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The Government Lawyer: U.S. Attorney clinic allows students to examine firsthand the roles and responsibilities of a federal prosecutor.

Students are placed at the United States Attorney’s Office in Boston. Work may include research, writing, witness preparation, working with evidence, and attending hearings.  U.S. citizenship is required to participate in the clinic. The Office of Clinical and Pro Bono Programs provides MBTA Charlie Cards to students traveling on public transportation to the placement in downtown Boston.

All students must complete a lengthy security clearance process by the Department of Justice, which involves numerous forms and fingerprinting. This process may take up to eight weeks for final clearance, which is then valid for only six months.

The U.S. Attorney’s Office offers placements in the following criminal divisions:

  • Appeals Unit: The Appeals Unit is responsible for reviewing and approving all appellate briefs before they are filed.
  • Anti-Terrorism and National Security Unit: The Anti-Terrorism and National Security Unit handles anti-terrorism investigations, those involving breaches of national security.
  • Computer Crimes Unit: Investigates and prosecutes computer related crimes, including hacking, identity theft and other forms of computer fraud.
  • Economic Crimes Unit: The Economic Crimes Unit handles complex economic crimes expected to require grand jury or other investigative effort.
  • Health Care Fraud Unit: The Health Care Fraud Unit investigates and prosecutes complex health care fraud committed by corporate and individual defendants.
  • Major Crimes Unit: The Major Crimes Unit handles violent crime, property crimes, fraud, theft, civil rights violations, and other matters of primary federal interest.
  • Organized Crime Drug Enforcement Task Force: Drug Unit cases range from “buy/bust” prosecution to sophisticated money laundering prosecution.
  • Organized Crime Strike Force: The Organized Crime Force handles complex long term matters, utilizing extensive grand jury and electronic surveillance, often using statutes such as RICO.
  • Public Corruption and Special Prosecution Unit: The Public Corruption Unit handles sensitive cases involving allegations of corruption against elected and appointed federal, state, and local officials.

How to Register

The clinic is offered in the Fall and Spring semesters. You can learn about the required clinical course component, clinical credits and the clinical registration process by reading the course catalog description and exploring the links in this section.

Fall 2024 Early Drop Deadline: May 17, 2024
Spring 2025 Early Drop Deadline: September 6, 2024

Meet the Instructor

headshot of Jonathan Wroblewski

Jonathan Wroblewski

Director; Lecturer on Law

Jonathan Wroblewski has been the Director of the Harvard Law School Semester in Washington Program since 2010. He is also the Director of the Office of Policy and Legislation in the Criminal Division of the U.S. Department of Justice. In that capacity, he leads a team of policy analysts and attorneys in developing, reviewing, and evaluating national crime, sentencing, and corrections policy and legislation. Jonathan represents the Department of Justice on the United States Sentencing Commission, the Federal Judicial Conference’s Advisory Committee on the Criminal Rules, and the American Bar Association’s Criminal Justice Council.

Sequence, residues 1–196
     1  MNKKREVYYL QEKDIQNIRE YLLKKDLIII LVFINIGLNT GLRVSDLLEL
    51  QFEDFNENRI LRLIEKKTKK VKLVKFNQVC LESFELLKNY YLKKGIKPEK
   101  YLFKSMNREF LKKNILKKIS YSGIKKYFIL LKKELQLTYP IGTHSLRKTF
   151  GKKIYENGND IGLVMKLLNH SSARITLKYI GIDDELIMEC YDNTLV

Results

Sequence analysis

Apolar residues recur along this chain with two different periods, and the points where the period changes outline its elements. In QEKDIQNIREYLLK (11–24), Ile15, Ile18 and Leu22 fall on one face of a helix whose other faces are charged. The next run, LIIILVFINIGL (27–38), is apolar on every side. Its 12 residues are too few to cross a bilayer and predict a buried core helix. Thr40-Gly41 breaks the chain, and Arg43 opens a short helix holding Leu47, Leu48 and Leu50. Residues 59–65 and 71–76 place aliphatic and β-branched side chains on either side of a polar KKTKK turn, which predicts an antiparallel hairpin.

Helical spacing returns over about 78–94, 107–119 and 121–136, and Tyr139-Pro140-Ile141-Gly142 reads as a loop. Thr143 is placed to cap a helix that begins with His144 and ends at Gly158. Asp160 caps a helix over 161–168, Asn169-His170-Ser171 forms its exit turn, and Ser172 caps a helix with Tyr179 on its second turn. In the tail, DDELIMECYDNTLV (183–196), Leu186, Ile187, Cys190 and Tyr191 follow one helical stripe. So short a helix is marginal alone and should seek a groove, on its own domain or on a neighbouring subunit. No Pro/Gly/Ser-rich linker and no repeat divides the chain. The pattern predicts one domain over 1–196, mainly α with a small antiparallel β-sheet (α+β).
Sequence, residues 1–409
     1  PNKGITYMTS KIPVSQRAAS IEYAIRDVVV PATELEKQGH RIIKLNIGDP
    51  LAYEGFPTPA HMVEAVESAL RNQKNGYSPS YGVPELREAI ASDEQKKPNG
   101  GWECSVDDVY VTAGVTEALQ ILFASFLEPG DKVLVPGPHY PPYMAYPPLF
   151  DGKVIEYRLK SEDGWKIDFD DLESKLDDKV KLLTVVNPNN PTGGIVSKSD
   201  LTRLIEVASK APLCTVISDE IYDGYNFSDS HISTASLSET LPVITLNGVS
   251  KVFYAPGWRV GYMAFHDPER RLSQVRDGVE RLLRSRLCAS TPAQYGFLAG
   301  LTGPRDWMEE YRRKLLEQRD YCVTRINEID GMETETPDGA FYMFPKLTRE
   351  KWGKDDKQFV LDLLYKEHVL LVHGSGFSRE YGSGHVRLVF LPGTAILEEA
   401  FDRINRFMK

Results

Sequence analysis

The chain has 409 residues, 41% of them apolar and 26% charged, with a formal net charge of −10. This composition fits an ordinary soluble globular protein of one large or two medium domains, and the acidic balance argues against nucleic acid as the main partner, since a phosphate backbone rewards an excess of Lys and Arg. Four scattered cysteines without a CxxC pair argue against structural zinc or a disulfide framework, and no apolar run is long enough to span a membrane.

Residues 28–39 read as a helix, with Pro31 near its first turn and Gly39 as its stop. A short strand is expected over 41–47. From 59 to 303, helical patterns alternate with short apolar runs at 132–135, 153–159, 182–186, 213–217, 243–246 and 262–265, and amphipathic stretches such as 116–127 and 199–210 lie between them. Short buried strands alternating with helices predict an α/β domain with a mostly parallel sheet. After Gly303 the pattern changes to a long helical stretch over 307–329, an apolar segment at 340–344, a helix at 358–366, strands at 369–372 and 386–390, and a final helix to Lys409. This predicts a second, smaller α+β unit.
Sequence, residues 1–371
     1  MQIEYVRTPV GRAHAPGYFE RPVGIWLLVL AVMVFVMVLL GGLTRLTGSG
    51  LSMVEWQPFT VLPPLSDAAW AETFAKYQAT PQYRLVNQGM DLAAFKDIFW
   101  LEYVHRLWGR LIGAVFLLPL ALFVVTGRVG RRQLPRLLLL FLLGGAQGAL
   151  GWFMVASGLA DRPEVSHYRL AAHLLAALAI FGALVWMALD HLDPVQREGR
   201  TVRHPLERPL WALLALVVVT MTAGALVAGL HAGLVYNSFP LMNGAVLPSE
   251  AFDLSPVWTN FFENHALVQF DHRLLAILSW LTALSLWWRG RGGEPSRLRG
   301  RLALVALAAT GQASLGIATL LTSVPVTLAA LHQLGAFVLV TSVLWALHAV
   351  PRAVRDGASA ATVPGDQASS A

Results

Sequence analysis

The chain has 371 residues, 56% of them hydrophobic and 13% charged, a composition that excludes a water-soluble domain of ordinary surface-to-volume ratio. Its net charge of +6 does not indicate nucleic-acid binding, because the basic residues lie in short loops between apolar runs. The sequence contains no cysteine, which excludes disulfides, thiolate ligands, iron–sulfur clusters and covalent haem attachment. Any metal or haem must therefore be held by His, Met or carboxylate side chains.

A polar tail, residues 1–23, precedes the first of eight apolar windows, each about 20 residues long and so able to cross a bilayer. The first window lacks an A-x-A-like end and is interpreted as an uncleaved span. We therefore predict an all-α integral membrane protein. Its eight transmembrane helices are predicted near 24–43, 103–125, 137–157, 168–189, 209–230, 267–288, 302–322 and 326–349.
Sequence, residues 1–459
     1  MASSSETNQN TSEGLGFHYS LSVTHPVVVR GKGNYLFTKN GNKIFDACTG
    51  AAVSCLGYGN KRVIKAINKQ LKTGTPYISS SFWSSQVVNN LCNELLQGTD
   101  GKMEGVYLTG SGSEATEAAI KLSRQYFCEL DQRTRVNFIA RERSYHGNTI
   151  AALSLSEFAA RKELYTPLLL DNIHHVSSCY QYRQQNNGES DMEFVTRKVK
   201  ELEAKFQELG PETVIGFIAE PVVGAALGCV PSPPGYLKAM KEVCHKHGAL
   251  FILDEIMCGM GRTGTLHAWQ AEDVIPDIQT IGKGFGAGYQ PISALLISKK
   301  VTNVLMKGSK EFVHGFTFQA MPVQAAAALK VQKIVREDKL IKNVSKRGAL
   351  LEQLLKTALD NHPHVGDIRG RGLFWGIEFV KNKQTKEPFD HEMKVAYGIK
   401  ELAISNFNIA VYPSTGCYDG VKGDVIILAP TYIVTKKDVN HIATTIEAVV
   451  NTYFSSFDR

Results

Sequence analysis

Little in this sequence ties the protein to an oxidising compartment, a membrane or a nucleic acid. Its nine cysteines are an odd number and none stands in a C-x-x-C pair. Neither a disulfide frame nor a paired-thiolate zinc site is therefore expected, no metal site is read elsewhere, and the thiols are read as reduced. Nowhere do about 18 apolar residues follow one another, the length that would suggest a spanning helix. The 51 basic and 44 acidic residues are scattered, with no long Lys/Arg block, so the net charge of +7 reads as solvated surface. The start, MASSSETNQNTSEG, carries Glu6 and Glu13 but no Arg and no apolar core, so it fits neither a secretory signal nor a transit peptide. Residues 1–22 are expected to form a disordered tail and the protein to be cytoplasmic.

Jonathan began his federal career in 1988 as a prosecutor with the Department’s Civil Rights Division, where he prosecuted criminal civil rights cases, including law enforcement misconduct, involuntary servitude and hate crimes. In 1994, Jonathan joined the United States Sentencing Commission, serving as Deputy General Counsel and then Director of Legislative Affairs. In 1998, he rejoined the Department of Justice in the Criminal Division’s Office of Policy and Legislation. Prior to his federal service, Jonathan served as an assistant public defender in the Alameda County Public Defender’s office, where he represented indigent criminal defendants at all stages of litigation. Jonathan’s prior academic work includes being a Visiting Scholar at the Institute of Criminology at the University of Cambridge in 2005 as part of the Atlantic Fellowship in Public Policy program and serving as an adjunct professor at the George Washington University’s National Law Center and George Mason University School of Law. Jonathan graduated from Duke University in 1983 and from Stanford Law School in 1986.

In the News

  • Anoush Baghdassarian ’22 receives the 2022 Andrew L. Kaufman Pro Bono Award

    By Olivia Klein Anoush Baghdassarian ’22 is the recipient of the 2022 Andrew L. Kaufman Pro Bono Award. Graduating with an unprecedented 4,000 pro bono hours during her time at Harvard Law School, Baghdassarian is a stand-out student in the clinical and pro bono community. Having participated in a variety of clinics spanning international human

    May 19, 2022

  • A “Perfect Capstone” with the U.S. Attorney Clinic

    By Laurel Zigerelli, J.D. ’22 Participating in the Government Lawyer clinic was the perfect capstone to my time at HLS. As part of the United States Attorney’s Office in Boston, I had a front row seat to all stages of the federal criminal justice system, from the earliest stages of an investigation to post-conviction appeals.

    April 28, 2022

  • Pro Bono Week 2019 Recap

    Every year, the Office of Clinical and Pro Bono Programs (OCP) at Harvard Law School (HLS) participates in the American Bar Association’s National Celebration of Pro Bono. Held from October 21st – 25th, 2019, Pro Bono Week serves as a time where HLS celebrates and reflects on the pro bono work that staff, faculty, and

    November 5, 2019